That would only be enough to take us through to the end of Monday. There would not even be enough for the 220,000 people waiting for their second dose.

    This is no conspiracy. It's just maths based on the Prime Minister's words from the Beehive's "podium of truth".

    The Beehive now suggests the Prime Minister didn't tell the full story. It says there's no chance we'll run out on Monday because there are supplies coming into New Zealand that she and Hipkins didn't mention on Tuesday, including 100,000 doses diverted from the Covax programme, that is meant to help the world's 92 poorest countries get vaccines.

    That'll get us through another five more days. Latest data from the Ministry of Health suggests 190,000 doses now in stock.

    But even if the Government manages to administer 1.9 million doses by the end of July, it will have vaccinated no more than 950,000 people. That's just 18 per cent of the total population or 23 per cent of the population aged 16 and above.

    It doesn't even include the estimated 2.2 million people in priority groups 1, 2 and 3, which include border and MIQ workers and those they live with; high-risk frontline workers and people living in high-risk places; and people at risk of getting very sick from Covid-19, such as those who are aged 65 or over, obese, diabetic or pregnant, or with a heart condition. What hope for the rest of us?

    Perhaps we shouldn't be so surprised, given reports that more than 25,000 people in the highest priority group — border workers and those they live with — have not yet had a single jab. And more than 1000 border workers still aren't even getting tested as required.

    oh well, lets just hope we continue to be lucky, because many of use will not be getting any jabs any time soon.

    • Incognito 4.1

      From 5 June 2021 all work in MIQ facilities will be undertaken by fully vaccinated workers.

      MIQ has about 4,500 people working in facilities from around 300 different employers. A handful of workers (less than 0.25%) have not yet had their second vaccination for good reasons, and we are actively following those up with employers. They won’t be working in MIQ facilities in the meantime.


      Hooton can’t help himself; you’ll need to fact-check everything he says.

      • Adrian 4.1.1

        My presumption is that the missing MIQ staff are because the net has been spread very wide in the definition of MIQ. Truck drivers who never get out of their truck and visit a wharf maybe only once or twice a month with all transactions done on an IPad, delivery drivers or couriers dropping off at the distribution site some way from the actual isolation facilities again with very little human contact. If you include the families of these people yes you do get big numbers but I'm certain there are not four and a half thousand staff in the actual hotels.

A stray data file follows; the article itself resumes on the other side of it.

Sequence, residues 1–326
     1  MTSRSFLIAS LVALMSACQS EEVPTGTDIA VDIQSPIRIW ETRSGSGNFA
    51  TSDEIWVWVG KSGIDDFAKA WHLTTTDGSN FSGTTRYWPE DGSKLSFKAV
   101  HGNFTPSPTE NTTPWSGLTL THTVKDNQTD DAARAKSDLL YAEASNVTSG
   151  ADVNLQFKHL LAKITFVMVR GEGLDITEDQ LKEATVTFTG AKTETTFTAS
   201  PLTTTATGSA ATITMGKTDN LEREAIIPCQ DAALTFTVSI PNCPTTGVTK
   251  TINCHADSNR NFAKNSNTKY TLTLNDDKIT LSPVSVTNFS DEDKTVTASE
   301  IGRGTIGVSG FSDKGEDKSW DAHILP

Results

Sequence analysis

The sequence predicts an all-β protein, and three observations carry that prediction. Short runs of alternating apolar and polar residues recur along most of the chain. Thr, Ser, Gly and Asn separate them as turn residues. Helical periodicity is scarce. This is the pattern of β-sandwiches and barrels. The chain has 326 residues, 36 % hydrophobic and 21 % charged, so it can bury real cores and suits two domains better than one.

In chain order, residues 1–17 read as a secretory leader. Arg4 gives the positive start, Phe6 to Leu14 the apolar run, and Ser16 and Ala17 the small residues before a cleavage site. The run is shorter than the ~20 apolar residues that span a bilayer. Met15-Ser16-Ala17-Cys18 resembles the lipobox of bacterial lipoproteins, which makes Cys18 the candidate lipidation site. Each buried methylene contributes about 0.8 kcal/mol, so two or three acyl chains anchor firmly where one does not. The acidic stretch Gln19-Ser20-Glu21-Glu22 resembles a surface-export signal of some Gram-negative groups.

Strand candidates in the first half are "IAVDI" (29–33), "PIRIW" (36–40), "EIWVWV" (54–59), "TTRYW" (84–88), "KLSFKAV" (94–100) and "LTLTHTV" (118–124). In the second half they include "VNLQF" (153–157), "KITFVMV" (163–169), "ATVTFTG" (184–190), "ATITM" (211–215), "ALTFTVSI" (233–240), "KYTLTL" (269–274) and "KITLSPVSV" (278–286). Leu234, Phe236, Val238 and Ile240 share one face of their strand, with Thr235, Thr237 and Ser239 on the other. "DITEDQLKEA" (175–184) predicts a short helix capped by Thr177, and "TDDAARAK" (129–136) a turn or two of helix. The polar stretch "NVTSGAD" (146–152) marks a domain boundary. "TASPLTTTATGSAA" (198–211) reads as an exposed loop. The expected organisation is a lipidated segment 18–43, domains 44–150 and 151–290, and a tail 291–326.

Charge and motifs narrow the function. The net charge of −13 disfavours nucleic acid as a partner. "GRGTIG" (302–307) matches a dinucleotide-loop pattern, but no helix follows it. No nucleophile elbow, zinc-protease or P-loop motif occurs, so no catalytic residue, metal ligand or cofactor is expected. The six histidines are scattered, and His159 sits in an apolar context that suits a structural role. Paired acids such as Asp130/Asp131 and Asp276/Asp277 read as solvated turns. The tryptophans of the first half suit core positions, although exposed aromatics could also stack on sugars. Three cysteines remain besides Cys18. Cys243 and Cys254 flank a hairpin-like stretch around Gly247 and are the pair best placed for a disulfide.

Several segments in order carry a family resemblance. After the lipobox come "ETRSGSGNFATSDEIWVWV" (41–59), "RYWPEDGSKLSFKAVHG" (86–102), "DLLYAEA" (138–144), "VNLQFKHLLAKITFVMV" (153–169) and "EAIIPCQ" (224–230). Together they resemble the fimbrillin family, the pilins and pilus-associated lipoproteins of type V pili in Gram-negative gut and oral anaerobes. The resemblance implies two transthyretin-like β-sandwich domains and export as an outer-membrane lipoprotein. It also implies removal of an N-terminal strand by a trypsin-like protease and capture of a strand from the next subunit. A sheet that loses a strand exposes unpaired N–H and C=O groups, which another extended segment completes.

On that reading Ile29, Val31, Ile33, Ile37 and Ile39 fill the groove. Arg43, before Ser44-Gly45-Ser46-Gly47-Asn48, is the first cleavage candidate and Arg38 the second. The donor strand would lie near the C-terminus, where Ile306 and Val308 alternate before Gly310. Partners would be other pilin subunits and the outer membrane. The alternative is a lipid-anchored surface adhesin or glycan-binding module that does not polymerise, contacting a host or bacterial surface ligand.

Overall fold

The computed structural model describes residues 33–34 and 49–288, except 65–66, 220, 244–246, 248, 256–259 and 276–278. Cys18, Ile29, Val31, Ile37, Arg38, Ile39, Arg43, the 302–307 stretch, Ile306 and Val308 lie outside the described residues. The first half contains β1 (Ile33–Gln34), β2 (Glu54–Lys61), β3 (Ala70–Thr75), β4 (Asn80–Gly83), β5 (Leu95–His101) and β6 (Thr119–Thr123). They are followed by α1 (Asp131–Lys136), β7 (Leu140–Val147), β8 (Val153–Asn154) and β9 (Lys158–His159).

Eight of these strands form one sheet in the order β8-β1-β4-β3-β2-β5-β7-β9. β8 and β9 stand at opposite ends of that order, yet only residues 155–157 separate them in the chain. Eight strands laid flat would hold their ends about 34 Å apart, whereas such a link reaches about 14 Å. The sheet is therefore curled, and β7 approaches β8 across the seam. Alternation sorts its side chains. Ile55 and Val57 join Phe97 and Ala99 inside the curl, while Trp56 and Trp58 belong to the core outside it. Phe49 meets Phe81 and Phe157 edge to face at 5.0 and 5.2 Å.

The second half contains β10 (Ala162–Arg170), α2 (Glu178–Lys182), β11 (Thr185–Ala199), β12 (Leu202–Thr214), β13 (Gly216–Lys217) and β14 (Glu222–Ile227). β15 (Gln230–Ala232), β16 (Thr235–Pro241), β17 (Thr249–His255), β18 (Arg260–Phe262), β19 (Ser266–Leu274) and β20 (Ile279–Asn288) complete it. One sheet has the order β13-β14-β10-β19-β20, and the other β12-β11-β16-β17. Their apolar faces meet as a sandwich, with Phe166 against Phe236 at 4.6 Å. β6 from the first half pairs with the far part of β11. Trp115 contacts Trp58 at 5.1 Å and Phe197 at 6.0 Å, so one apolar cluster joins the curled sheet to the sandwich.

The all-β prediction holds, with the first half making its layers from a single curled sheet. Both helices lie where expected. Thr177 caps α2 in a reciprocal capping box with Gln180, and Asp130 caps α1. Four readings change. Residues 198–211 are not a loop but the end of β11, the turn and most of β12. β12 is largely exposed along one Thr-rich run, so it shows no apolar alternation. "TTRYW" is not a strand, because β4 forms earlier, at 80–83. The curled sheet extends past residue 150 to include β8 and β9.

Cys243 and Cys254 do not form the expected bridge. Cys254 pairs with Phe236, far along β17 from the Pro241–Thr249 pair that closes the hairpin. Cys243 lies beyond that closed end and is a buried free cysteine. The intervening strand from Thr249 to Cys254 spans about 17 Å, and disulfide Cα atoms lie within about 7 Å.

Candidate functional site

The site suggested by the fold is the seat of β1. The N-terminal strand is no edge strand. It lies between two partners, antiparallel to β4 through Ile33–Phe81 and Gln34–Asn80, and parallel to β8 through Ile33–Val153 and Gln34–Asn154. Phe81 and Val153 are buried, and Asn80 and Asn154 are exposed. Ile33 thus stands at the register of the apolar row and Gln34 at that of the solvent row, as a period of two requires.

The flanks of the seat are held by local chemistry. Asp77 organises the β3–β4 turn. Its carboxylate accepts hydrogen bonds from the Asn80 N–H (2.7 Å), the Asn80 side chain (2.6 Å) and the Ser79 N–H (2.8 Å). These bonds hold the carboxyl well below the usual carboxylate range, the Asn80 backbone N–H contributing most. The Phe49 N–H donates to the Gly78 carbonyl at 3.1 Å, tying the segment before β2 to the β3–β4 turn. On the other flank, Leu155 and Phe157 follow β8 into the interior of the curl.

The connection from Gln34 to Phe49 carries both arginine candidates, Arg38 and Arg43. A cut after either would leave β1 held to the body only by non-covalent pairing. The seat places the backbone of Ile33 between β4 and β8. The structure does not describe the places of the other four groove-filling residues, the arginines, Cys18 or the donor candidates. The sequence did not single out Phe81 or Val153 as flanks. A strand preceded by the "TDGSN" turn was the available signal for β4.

• aj

          All these facilities operate 24/7 shift work. Could easily add up to 4500 including facility staff, health staff, security staff.

        • Incognito

          My presumption is …

          … but I'm certain …

          It must be those blimmin spin doctors working for MIQ. I bet they got their shitty shots.

      • ghostwhowalksnz 4.1.2

        Yes , theres more


        "People in some areas have reported not being able to get a vaccine because some sites have run out of doses, or are running low.This isn’t surprising, because every district health board outside of Auckland has gone above its target number of vaccinations. In three areas – Bay of Plenty, Whanganui and Nelson-Marlborough – they’ve done more than 50 per cent extra."

        Which was my earlier point ….not recycled from reading a newspaper…that they are meant to be used up as soon as.

        • McFlock

          or as some wag on twitter put it, the tories have gone from complaining that the vax rollout is an abject failure because of low uptake to now complaining it's an abject failure because in several DHBs it's going quicker than planned.

        • Matiri

          I was just about to post that link Ghostwhowalksnz….

          Also I am fortunate to be in Nelson-Marlborough where we have both had two jabs (early 60's, small rural community where 50% of our population has already been vaccinated). Our local medical centre has not wasted a single dose and another clinic is running again tomorrow.

    • ghostwhowalksnz 4.2

      The vaccine supply isnt like a savings bank to be stored up for emergency use. The supply is low because they are being USED.